• Classify data risk within the database systems. Monitoring should be prioritized for high, medium, and low risk data.
  • Implement an access request process that required database owners to authorize the "roles" granted to database accounts. (roles as in Role Based Access not native database roles).
  • Analyse access authority. Users with higher degrees of access permission should be under higher scrutiny, and any account for which access has been suspended should be monitored to ensure access is denied and attempts are identified.
  • Access application coverage. Determine what applications have built-in controls, and prioritize database auditing accordingly. All privileged user access must have audit priority. Legacy and custom applications are the next highest priority to consider, followed by the packaged applications.
  • Ensure technical safeguards. Make sure access controls are set properly.
  • Audit activity. Monitor data changes and modifications to the database structure, permission and user changes, and data viewing activities. Consider using network based database activity monitoring appliances instead of native database audit trails.
  • Archive, analyse, review, and report audit information. Reports to auditors and IT managers must communicate relevant audit information, which can be analysed and reviewed to determine if corrective action is required. Organizations that must retain audit data for long-term use should archive this information with the ability to retrieve relevant data when needed.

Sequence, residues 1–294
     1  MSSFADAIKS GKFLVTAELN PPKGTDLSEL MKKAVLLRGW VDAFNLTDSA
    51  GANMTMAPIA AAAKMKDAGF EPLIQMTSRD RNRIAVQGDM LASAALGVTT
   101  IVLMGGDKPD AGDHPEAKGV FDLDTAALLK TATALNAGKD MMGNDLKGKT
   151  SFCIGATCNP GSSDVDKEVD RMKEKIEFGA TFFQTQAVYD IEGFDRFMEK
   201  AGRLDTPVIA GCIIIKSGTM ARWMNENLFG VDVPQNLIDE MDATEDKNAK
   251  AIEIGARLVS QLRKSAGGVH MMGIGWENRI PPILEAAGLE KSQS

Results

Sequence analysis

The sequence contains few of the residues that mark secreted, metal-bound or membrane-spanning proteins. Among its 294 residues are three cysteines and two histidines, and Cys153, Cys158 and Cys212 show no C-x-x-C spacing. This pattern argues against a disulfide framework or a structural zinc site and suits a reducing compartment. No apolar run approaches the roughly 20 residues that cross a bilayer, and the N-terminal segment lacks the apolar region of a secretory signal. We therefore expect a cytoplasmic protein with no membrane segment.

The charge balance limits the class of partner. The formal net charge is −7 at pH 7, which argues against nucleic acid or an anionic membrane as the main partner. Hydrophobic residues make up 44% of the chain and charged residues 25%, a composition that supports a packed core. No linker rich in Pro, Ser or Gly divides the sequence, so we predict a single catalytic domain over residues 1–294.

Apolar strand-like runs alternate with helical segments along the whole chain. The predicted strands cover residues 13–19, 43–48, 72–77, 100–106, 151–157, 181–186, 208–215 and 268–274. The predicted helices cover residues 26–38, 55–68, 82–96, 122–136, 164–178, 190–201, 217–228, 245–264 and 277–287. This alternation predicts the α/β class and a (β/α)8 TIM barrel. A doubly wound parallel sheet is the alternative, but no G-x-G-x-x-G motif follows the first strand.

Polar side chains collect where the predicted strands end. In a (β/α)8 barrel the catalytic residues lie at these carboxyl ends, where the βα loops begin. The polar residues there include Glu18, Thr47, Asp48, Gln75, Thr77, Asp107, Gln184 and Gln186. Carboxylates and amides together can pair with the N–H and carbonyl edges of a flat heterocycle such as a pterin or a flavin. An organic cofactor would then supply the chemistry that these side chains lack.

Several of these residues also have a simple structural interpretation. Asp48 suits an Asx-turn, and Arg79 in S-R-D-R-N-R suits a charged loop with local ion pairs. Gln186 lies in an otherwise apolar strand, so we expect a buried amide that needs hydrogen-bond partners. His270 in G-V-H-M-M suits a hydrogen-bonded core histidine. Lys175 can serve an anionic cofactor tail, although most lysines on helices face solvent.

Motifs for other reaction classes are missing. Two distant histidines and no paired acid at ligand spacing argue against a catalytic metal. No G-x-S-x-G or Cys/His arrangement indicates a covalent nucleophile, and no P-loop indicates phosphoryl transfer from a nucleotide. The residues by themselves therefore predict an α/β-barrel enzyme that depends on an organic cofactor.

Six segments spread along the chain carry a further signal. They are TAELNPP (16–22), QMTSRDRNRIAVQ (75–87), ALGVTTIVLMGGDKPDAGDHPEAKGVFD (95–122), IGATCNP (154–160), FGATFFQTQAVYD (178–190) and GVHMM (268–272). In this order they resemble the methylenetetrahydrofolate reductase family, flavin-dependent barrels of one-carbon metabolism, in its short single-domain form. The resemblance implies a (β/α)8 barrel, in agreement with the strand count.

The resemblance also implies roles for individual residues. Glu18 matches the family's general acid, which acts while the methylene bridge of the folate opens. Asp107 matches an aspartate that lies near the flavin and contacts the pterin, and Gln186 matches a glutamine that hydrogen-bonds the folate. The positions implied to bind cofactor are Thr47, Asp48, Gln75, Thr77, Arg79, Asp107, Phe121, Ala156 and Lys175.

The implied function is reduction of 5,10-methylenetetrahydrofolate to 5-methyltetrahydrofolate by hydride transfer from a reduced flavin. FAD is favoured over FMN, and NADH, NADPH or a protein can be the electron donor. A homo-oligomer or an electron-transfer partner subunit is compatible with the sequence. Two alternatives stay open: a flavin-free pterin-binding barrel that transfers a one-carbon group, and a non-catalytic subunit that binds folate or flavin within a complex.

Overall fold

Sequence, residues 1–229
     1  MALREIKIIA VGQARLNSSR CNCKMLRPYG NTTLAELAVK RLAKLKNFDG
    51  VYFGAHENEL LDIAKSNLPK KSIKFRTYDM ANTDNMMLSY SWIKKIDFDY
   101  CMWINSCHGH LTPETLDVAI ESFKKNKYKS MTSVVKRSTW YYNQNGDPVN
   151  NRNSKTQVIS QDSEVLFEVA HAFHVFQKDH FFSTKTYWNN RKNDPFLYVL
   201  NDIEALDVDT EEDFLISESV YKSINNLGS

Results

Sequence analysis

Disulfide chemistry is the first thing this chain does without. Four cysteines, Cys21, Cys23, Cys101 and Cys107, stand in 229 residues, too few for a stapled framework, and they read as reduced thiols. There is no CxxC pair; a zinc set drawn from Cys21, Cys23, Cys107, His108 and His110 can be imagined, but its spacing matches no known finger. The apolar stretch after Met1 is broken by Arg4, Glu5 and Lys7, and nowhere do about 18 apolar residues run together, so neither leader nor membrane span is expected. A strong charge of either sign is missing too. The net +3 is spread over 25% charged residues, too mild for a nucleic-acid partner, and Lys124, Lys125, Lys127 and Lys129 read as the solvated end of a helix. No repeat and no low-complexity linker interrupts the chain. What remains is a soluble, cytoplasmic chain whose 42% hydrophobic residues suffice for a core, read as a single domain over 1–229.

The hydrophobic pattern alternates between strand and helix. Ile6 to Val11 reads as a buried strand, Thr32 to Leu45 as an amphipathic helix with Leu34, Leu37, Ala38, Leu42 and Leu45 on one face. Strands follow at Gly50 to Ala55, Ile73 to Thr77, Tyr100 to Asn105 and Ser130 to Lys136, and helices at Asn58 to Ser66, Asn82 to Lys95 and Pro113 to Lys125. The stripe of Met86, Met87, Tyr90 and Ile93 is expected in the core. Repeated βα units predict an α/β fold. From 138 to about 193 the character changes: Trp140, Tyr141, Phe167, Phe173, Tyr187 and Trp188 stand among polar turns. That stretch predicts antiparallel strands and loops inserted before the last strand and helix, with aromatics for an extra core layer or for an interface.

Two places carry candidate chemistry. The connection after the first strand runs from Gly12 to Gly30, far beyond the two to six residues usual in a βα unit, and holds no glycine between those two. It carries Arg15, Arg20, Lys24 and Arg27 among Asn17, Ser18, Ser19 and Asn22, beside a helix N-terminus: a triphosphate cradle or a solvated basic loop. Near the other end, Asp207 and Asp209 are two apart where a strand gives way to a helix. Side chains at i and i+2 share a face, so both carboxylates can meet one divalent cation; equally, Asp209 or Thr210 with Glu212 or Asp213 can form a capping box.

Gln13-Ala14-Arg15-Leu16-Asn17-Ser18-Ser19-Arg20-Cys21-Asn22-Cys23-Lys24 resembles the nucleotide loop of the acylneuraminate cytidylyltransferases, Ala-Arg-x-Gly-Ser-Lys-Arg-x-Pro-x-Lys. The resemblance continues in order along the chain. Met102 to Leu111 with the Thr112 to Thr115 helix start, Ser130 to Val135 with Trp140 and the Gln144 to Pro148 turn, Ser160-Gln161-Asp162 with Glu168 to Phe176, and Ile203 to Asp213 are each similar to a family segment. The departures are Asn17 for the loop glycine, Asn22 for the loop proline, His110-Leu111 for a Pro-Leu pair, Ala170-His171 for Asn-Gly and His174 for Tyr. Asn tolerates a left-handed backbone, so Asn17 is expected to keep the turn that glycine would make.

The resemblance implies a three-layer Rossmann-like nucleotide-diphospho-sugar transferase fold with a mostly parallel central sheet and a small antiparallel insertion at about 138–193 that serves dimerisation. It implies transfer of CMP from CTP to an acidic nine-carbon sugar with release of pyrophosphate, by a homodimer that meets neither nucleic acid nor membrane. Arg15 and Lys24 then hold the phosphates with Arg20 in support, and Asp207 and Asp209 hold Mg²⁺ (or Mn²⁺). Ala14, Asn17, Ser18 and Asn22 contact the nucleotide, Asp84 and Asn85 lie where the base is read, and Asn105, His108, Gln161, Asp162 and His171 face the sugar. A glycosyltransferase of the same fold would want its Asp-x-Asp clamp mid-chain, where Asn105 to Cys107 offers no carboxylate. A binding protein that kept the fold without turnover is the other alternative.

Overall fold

The first five steps listed are to be performed by the auditor manually, while the last two steps are best achieved by using an automated solution.

The ideal approach to effectively capture and analyze database activity, is through non-trigger audit agents associated with each database server. Non-trigger audit agents capture all relevant activity, regardless of the application used (Mazer). In comparison, database triggers-an automatic procedure that occurs when data has been altered in a table-are not recommended, as database administrators can easily disable them. The non-trigger database audit agents gather information through three means:

  1. database transaction log – Each database maintains a database transaction log through the normal course of its operation, which gathers data modifications and other activity. This approach is not practical however as these logs are used for forward recovery and their formats are largely undocumented. Additionally, SQL SELECT access to database objects is not logged.
  2. the database's built-in native logging– Obtains additional information, such as permission changes and data viewing activities. Each database management system has some type of audit trace capability such as Oracle's Fine Grain Auditing (FGA) capability.[1]
  3. third-party tools that monitor network and/or system activity looking for database access. Some solutions use agents which enable both local access as well as network access to be monitored; while others are restricted to just monitoring network traffic. These solutions are typically called database activity monitoring.

References

KK Mookhey (2005). IT Audit. Vol. 8. Auditing MS SQL Server Security.
IT Audit. Vol. 8 Murray Mazer. Database Auditing-Essential Business Practice for Today’s Risk Management May 19, 2005.

Source

Gallegos, F. C. Gonzales, D. Manson, and S. Senft. Information Technology Control and Audit. Second Edition. Boca Raton, FL: CRC Press LLC, 2000.
Ron Ben-Natan, IBM Gold Consultant and Guardium CTO. Implementing Database Security and Auditing. Digital Press, 2005.

Other works

Footnotes